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Recommendation To Ban Gill-Nets On Lower Columbia Mainstem Sent To State Fish Commissions
Posted on Friday, November 16, 2012 (PST)

A work group comprised of Oregon and Washington fish and wildlife commissioners on Thursday agreed on recommendations that would change state management of lower Columbia River fisheries by eliminating the use commercial gill nets by non-tribal fishers on the mainstem lower Columbia River.

Commercial fishing advocates testifying during a meeting of the work group in Seaside, Ore., said such a decision would be the death knell for the industry and the businesses it supports. They said it would pull salmon from the mouths of non-anglers who buy their salmon in the market or order it at restaurants.

Sport fishing interests said the move is necessary to buoy conservation efforts aimed at reviving wild, protected steelhead and salmon caught indiscriminately in fish-choking nets.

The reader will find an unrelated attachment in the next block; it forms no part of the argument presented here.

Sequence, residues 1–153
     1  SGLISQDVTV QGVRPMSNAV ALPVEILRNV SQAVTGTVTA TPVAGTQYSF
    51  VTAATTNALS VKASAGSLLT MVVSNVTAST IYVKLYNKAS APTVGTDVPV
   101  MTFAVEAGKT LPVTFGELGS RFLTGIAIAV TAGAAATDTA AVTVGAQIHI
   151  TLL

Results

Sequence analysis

“This is the first step but not the last step,” said Paul DeMorgan after reaching agreement among the six state commission members in the work group.

That agreement is to forward a joint state management framework developed by agency staff and through work group discussions to the two state commissions for state regulation rulemaking and/or policymaking action. DeMorgan was hired to facilitate the work group meeting.

Agency officials as well as representatives of both the sport and commercial industries provided input for the work group during a process that began in September and included a series of three all-day meetings.

The process was instigated in August when Oregon Gov. John Kitzhaber offered an alternative to a gill-net ban proposal approved for consideration on Nov. 6’s Oregon general election ballot. That measure was defeated by voters, but the work group process continued.

(See CBB, Nov. 9, 2012, “Oregon Voters Say No To Gill-Net Ban, States Continue Discussions On Alternative ‘Off-Channel’ Plan”

The governor initiated a state rulemaking process in that Aug. 9 letter to Bobby Levy, chair of the Oregon Fish and Wild Commission, and Roy Elicker, director of Oregon Department of Fish and Wildlife. The letter asked the commission and ODFW to work with their counterparts in Washington to complete the necessary rulemaking before the end of 2012.